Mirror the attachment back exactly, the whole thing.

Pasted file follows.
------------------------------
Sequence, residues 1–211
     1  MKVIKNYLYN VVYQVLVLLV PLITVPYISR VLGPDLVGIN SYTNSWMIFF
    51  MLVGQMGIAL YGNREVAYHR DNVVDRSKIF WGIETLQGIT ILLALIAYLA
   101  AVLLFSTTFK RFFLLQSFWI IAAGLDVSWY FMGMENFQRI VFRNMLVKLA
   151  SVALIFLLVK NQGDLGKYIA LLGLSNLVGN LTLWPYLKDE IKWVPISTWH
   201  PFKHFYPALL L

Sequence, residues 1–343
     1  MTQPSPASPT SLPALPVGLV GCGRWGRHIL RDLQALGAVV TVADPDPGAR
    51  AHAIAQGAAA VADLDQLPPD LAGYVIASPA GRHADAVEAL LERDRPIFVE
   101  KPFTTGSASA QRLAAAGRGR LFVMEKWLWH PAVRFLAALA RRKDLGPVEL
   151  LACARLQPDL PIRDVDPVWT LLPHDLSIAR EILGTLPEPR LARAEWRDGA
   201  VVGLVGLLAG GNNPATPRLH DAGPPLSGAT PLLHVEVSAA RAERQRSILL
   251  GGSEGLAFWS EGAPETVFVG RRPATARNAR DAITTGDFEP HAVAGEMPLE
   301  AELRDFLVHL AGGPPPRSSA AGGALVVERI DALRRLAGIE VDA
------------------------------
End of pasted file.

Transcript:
Sequence, residues 1–211
     1  MKVIKNYLYN VVYQVLVLLV PLITVPYISR VLGPDLVGIN SYTNSWMIFF
    51  MLVGQMGIAL YGNREVAYHR DNVVDRSKIF WGIETLQGIT ILLALIAYLA
   101  AVLLFSTTFK RFFLLQSFWI IAAGLDVSWY FMGMENFQRI VFRNMLVKLA
   151  SVALIFLLVK NQGDLGKYIA LLGLSNLVGN LTLWPYLKDE IKWVPISTWH
   201  PFKHFYPALL L

Sequence, residues 1–343
     1  MTQPSPASPT SLPALPVGLV GCGRWGRHIL RDLQALGAVV TVADPDPGAR
    51  AHAIAQGAAA VADLDQLPPD LAGYVIASPA GRHADAVEAL LERDRPIFVE
   101  KPFTTGSASA QRLAAAGRGR LFVMEKWLWH PAVRFLAALA RRKDLGPVEL
   151  LACARLQPDL PIRDVDPVWT LLPHDLSIAR EILGTLPEPR LARAEWRDGA
   201  VVGLVGLLAG GNNPATPRLH DAGPPLSGAT PLLHVEVSAA RAERQRSILL
   251  GGSEGLAFWS EGAPETVFVG RRPATARNAR DAITTGDFEP HAVAGEMPLE
   301  AELRDFLVHL AGGPPPRSSA AGGALVVERI DALRRLAGIE VDA